MetalBite Review by Chris Pratl on 10/18/2017 10:58:40 AM
At the time of this writing, Lemmy Kilmister has been going through a serious life-transition. His body is slowing down and performances are becoming laborious and shorter. It truly is heartbreaking to see this larger-than-life musical giant becoming so fragile right before our eyes. I suppose we forget that as we age, our heroes also grow older. That said, I find it nothing less than typical that Motörhead has issued yet another strong album in Bad Magic. At nearly 70-years of age, Lemmy still provides the fans with 110% heavy metal goodness.
The Motörhead of old is gone, of course, but this lineup of Mikkey Dee and Phil Campbell is the most solid and long-lasting of any of the previous incarnations, and if it ain't broke, don't touch it! The opening track, "Victory or Die" pretty much sets the tone for the record, offering a weighty alternative to some other recent offerings by aging bands that are, for all intents and purposes, laboring through mediocrity. That thick, recognizable sound of that Rickenbacker bass still thumps out of the speakers with all of the shyness of a bowling ball down a freshly-waxed lane. I would honestly never guess that this band was at AARP status because there is no sign of Motörhead slowing down the pace, despite the aforementioned ailments Lemmy is currently handling. Everything that makes for quality metal music is found here, with a crisp guitar sound, drums that fill the bottom end with subtle perfection, and the grimy and filthy vocals that are a staple of the Motörhead sound.
The magical formula that is Motörhead's existence is pretty much the blueprint for what basic, yet memorable metal music should be. The lyrics are, as always, pretty simple in that Lemmy doesn't offer up grand compositions to get his point across, and that is what makes a song like "Electricity" so damn perfect. The vocal melody follows a poetic pentameter that he has found comfort in for many years now, much to the delight of the fans who know exactly what each new Motörhead offering entails. The punk-laden opening of "Evil Eye" screams Black Flag-meets-Lemmy-in-a-scummy-alley all the way. It's amazing to see that the influence of this band still reaches back into the swirling cauldron of rock music and pulls forth a viable, fitting compliment in each track. The fantastic part is that Mr. Kilmister still sounds as gruffly evocative and familiar as he did some 40-years ago. The fact that his vocals will never win operatic awards is certainly not lost on me, but, as I said before, if it ain't broke....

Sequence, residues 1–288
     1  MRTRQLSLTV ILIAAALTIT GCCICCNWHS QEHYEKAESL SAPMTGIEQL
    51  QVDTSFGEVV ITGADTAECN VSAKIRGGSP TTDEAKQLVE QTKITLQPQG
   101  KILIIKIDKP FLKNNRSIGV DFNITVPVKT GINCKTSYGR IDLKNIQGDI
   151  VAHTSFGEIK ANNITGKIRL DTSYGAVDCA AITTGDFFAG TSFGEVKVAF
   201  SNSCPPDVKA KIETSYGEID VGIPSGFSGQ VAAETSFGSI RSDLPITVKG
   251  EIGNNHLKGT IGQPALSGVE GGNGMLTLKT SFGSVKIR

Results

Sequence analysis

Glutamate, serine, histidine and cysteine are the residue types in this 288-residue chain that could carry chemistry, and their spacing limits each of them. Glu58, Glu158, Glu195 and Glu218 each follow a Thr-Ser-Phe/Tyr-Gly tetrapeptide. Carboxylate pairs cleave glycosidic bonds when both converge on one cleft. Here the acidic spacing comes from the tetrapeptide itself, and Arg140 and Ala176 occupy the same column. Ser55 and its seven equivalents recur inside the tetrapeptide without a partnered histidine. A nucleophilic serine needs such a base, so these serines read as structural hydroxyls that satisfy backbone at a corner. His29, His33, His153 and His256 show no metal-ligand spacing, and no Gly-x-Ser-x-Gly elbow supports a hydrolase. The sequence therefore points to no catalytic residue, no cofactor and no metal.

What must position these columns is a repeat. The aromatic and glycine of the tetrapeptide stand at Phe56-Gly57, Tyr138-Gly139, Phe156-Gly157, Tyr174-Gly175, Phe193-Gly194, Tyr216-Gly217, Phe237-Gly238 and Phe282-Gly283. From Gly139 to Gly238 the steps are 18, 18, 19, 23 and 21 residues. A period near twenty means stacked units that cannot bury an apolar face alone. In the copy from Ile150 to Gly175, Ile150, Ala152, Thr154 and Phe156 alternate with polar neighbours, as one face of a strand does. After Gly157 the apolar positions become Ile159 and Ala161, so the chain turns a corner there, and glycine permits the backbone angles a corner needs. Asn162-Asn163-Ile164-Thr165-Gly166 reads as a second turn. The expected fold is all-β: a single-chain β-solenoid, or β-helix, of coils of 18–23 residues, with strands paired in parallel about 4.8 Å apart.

Now there are some who will argue that this all-too-familiar and simple style that Motörhead encompasses is a lack of ability to advance or unwillingness to change the sound for a more updated audience. Bad Magic follows one of the greatest rock bands to ever grace a stage into its suggested 'retirement home' phase and spits directly into the faces of the naysayers who think it's time for Lemmy to hang up the Ric for good. When I hear "Till the End" and feel that bluesy influence just fill my torso, I know exactly what Motörhead has left in the proverbial tank, and they aren't ready to call it a day just yet. So many ancient bands today, who I'll mercilessly leave nameless, refuse to recognize the magical qualities of subtle repetition and instead flood their catalogs with meaningless drivel they've since copied from the lesser imitators of the legends' own early sound. Motörhead follows no leader and pretty much never has, so what might appear as a lack of diversity in the tunes is actually, quite simply, Motörhead music. Even the cover of The Rolling Stones' "Sympathy for the Devil" is a cutting, bass-driven piece of rock 'n roll history that Motörhead makes their own for 5:35 out of your day.
You simply can't go wrong digesting Bad Magic, because everything that the band is worth is spelled out for you in yet another great addition to one hell of a long discography. I challenge you to find one solid clunker is that line if you can. By the time you're finished finding fault with maybe two or three songs from any given album, you'll have taken in this record at least twice and will no doubt be utterly amazed at the prowess that Lemmy and the boys still have after all this time.
It gives us all hope to see those stupid social media memes about Keith Richards and how he's defied death after a life of unabridged excesses and know he's got absolutely nothing on Lemmy.
Rating: 8 out of 10
(Originally written for www.metalpsalter.com)